The Japanese surrendered in August 1945. The war finally ended, and Ross’s wife gave birth to Julie Martha, their only child, on August 15, V-J Day. The end of the war also marked the conclusion of John Grierson’s association with the National Film Board. Always "one inch to the left of the Party in power," Grierson became implicated in the Igor Gouzenko spy case, and the "propaganda maestro" had to move on (qtd. in Evans, 14). Ross was outraged, his confidence in Grierson’s innocence unshaken. Grierson, in turn, recommended three men as his possible successor, Ross McLean, the assistant film commissioner, James A. Beveridge, an N.F.B. producer, and Malcolm Ross. "Grierson urged me to stay on at the Film Board," Ross says. "He even suggested I stand for commissioner. But I was not a film man. I was in charge of all distribution by this point. However, I could not make films." When Ross received an offer from the University of Manitoba to return to academia, the move seemed ideal. Roy Daniels, who was then head of the Department of English, had been in touch with A.S.P. Woodhouse, and Woodhouse, who had taught at Manitoba himself from 1924-29 and was fond of placing his favourite students in the "colonies," recommended Ross for a position teaching seventeenth- century literature. Ross was ready to move West. [Page 17] 

At least he thought he was ready. Actually little in his academic career so far had prepared him to deal with the rowdy, working class reality of a multicultural crowd of returning soldiers who made up a great proportion of the student body at the University of Manitoba in 1945. Furthermore, the war had unleashed Old World animosities. Ross’s Manitoba students had originated from all over Europe and they were all learning about each other at university. Hungarians and Ukrainians, for example, hated one another. But at the University of Manitoba they learned they had something in common as well as something different to cherish. They never lost their pride in their origins, but they also became Canadian. Here Ross found the living proof that his theories about culture were valid: one heritage need not preclude another, one tradition need not invalidate a second. "Pierre Trudeau did not invent multiculturalism," Ross says. "It was happening naturally before your very eyes. You did not have to think about it; you just lived it."

Undergraduate classes were held in the large lecture halls in the old Broadway buildings erected temporarily as a "downtown campus." These were the hallowed halls that E.K. Brown claimed to negotiate like a football player, head down, hand on the shoulder of a larger colleague who broke ground for him, and these were the students who took their breaks from classes in "Theatre W," the old Windsor Hotel (E.K. Brown: a Study in Conflict 46-7). "Throw someone out of the class," was Woodhouse’s advice. Not someone who was in fact a problem, he suggested, but someone who looked like he might cause trouble. "I was lucky no one clobbered me," Ross says.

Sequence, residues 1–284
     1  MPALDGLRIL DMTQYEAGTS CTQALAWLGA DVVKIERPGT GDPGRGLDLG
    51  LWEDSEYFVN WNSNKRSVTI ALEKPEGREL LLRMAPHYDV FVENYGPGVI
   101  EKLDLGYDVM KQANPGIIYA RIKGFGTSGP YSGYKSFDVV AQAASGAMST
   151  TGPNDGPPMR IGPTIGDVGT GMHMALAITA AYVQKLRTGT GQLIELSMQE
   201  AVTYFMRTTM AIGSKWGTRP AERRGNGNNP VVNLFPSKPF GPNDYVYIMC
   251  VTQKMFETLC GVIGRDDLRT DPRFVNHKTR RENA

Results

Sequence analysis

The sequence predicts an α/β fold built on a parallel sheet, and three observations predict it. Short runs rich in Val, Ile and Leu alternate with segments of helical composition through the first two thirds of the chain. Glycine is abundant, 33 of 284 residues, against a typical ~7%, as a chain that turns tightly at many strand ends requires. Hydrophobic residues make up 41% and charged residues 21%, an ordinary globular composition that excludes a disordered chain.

Manitoba’s Fort Garry Campus, on the other hand, was a little more traditional. A substantial bus ride brought Ross to the outskirts of the city where he could meet his honours students in somewhat more splendid surroundings. The Fort Garry Campus, however, was not without its own challenges. When Ross finally managed to supplant the bus ride with a lift in a colleague’s car, he discovered that the short walk from the parking lot to the arts building in winter was quite enough to freeze one’s nose solid. "It was 50 below zero," Ross roars in delight at the outrage, "and my nose was completely white."

No one lives for any extended period of time in Winnipeg without accumulating a multitude of horror stories about the weather, and Ross’s frozen nose was just the beginning. The Rosses’ first house in Manitoba was located on Langside Street. It was a small house, but unfortunately the furnace did not work particularly well. One winter’s night the Rosses set out to attend a New Year’s party at the Dean’s residence. Earlier, Roy Daniels [Page 18] had announced, "I don’t want to go," and he offered to babysit. Ross showed him how to care for the temperamental heating system and Lois put the baby to bed. They went to the Dean’s party, had a nice time, and returned home about 1 a.m. Ross opened the door and found the house full of smoke. "You know," Daniels remarked from the living room, "I haven’t had much luck with the furnace." Ross recalls, "We had to open all the windows, even though it was 30 degrees below zero. Julie survived. Daniels was just sitting there in all the smoke. An academic, you know. My respect for him as a man of action dropped. But he meant well." The next year the Rosses moved to more gracious lodgings on Upper Academy Road.